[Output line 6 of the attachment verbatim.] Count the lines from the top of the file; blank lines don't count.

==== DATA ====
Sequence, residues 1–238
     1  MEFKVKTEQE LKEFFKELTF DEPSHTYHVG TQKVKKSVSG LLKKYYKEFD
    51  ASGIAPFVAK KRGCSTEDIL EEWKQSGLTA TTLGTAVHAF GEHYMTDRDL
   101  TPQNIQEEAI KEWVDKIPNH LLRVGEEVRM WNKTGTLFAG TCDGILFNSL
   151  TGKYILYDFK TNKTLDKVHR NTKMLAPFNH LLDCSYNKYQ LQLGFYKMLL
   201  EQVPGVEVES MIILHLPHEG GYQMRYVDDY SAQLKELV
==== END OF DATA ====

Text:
   201  EQVPGVEVES MIILHLPHEG GYQMRYVDDY SAQLKELV